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Third General Session

Third General Session: Helping to Change the World

As 2014 Conference attendees concluded a full weekend of professional development opportunities, they were treated to a motivational send-off on Sunday afternoon by social entrepreneur Craig Kielburger.

Kielburger’s words encouraged guests to seek out and create change locally, nationally and worldwide, with the goal of “making the world a better place for everybody.” His dedication and passion to charitable service for numerous causes offered a fitting conclusion to the three-day event for thousands of Illinois school leaders.

Illinois Association of School Administrators (IASA) President Scott Kuffel, superintendent of Geneseo CUSD 228, acknowledged those in attendance for their commitment to public education during his opening remarks. “We have representatives from 700 plus districts that attend [conference]. And we have many outstanding leaders here who are recognized throughout the state and the nation,” Kuffel said.  

Three of those individuals were honored for their service during the third general session. Mary Lou Sender, of Wheaton Warrenville CUSD 200, received the 2014 Holly Jack Outstanding Service Award . The Illinois Association of School Administrators (IASA) recognized Rochester CUSD 3A Superintendent Thomas Bertrand as the 2015 Illinois Superintendent of the Year . And Grant Park District 6 Board President David Dickson was the recipient of the 2014 Thomas Lay Burroughs Award , honoring the state’s top school board president.

Service remained a cornerstone theme of the final general session of the 2014 Joint Annual Conference. Craig Kielburger repeatedly stressed service projects as an important component of positive student outcomes, with his focus to drive involvement through entertaining and thoughtful outreach initiatives that empower the world youth.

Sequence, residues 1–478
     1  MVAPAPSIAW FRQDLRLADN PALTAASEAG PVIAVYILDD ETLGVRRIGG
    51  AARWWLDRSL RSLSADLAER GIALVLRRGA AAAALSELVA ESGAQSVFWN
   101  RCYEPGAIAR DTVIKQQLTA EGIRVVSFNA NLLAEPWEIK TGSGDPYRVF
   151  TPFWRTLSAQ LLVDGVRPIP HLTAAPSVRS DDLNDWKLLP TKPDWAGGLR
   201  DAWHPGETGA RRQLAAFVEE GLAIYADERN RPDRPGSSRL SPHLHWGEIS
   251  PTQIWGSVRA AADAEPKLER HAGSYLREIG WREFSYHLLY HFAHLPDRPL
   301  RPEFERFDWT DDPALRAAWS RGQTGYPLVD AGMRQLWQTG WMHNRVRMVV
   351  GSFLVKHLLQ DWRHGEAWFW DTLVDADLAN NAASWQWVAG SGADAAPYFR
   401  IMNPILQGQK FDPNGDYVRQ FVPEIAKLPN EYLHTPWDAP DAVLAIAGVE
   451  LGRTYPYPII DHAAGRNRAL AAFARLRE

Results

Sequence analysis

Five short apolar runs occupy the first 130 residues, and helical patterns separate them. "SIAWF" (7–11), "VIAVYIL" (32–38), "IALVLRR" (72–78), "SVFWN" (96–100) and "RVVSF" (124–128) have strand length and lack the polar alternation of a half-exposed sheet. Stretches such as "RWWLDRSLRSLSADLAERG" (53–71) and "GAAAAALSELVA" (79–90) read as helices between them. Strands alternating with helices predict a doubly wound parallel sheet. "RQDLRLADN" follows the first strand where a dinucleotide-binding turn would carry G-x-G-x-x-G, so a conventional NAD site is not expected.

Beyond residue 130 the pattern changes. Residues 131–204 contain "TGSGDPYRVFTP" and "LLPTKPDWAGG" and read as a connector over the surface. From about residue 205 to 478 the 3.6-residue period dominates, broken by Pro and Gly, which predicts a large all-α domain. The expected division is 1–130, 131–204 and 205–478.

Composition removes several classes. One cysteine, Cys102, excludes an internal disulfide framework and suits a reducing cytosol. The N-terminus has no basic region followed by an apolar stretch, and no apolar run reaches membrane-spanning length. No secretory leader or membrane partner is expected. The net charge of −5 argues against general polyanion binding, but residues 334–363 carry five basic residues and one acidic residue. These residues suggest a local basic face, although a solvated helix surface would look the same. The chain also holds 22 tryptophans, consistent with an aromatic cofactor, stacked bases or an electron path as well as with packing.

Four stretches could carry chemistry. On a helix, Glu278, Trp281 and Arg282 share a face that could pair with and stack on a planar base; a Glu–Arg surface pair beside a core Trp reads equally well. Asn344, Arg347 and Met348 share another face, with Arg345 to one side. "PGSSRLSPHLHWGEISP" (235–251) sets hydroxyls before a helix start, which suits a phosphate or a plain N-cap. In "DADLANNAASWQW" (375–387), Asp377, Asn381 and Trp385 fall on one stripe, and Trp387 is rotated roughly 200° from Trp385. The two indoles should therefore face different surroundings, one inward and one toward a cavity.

Craig Kielburger and his brother Marc founded the international children’s charity, Free The Children. The brothers have also created the youth empowerment event “We Day” and the social enterprise, “Me to We.” These organizations provide service learning programs to more than 7,000 schools in North America and the United Kingdom, building 650 school houses, and providing clean water to over 1 million people in developing countries.

Craig began his mission at the age of 12 after reading a newspaper article about a boy from Pakistan who was sold into labor to cover his parents’ debt. The child escaped, but was murdered at 12 years of age. After speaking to his class about the story, 11 fellow students pledged to join him in the fight against child labor. This began Free The Children.

A few years after starting the organization, the Kielburger family received a call from the Dalai Lama, who was bringing together a worldwide meeting to influence change said the group lacked a representative for young people. Craig Kielburger was invited to join the group that was tasked with answering one question: “What is the single greatest challenge facing the world today?”

After much discussion on specific issues and causes, the Dalai Lama said that the single greatest challenge facing the world today is, “We are raising a generation of passive bystanders.”

Kielburger and the group concluded that educators and parents are integral to solving this problem.

“We must inspire young people to tackle all those challenges,” Kielburger noted. “You think about the minds of kids; the teachable minds of kids. How they can be influenced.”

Kielburger went on to speak about the relevancy of what students learn. “If it is relevant, they want to learn more about it. Through service, students develop skills to succeed academically and in a career.”

Kielburger’s vision has expanded into accompanying social missions through the sister organizations of Me to We and We Day. Me to We is a philanthropic partnership that connects businesses to a social purpose. We Day is a movement of global youth that celebrates the actions of young people to help them redefine what is possible. It also rewards students and schools for positive action with a series of inspirational, large-scale events that feature renowned speakers and performers.

“We are making social change cool through music and entertainment. We want change in the world to be the coolest thing in the world. We want making a difference to be the coolest thing you can do. Kids are problem-solvers and dream-makers,” Kielburger stressed.

The first ever Illinois We Day will take place on April 30, 2015, at the Allstate Arena in Rosemont. School districts interested in participating in We Day activities can visit


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